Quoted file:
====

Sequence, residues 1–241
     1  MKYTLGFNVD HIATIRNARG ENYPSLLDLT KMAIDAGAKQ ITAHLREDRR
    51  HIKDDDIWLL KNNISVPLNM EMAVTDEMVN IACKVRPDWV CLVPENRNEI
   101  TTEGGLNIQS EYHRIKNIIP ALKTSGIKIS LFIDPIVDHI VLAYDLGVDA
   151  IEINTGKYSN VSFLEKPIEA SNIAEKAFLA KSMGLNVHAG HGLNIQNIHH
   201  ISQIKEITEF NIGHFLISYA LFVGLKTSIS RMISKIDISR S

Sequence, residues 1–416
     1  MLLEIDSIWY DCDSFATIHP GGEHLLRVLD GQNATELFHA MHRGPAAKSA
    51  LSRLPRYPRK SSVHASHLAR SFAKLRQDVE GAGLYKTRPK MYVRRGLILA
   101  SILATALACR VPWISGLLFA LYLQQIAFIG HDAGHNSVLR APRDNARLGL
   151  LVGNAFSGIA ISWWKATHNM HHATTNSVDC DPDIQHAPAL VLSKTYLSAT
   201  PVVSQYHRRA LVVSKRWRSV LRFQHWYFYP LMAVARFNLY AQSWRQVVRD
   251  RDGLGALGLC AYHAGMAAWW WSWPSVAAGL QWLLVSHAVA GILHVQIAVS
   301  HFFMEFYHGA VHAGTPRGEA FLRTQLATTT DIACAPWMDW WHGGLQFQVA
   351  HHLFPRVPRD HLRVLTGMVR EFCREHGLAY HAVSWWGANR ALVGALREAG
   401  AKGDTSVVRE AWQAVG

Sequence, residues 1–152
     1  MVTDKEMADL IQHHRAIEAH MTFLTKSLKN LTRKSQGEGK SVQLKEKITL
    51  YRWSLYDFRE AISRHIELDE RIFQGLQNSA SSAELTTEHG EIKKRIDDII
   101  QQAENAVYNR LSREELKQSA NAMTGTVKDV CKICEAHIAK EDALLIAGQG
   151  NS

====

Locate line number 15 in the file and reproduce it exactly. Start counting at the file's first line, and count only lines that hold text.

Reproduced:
   351  HHLFPRVPRD HLRVLTGMVR EFCREHGLAY HAVSWWGANR ALVGALREAG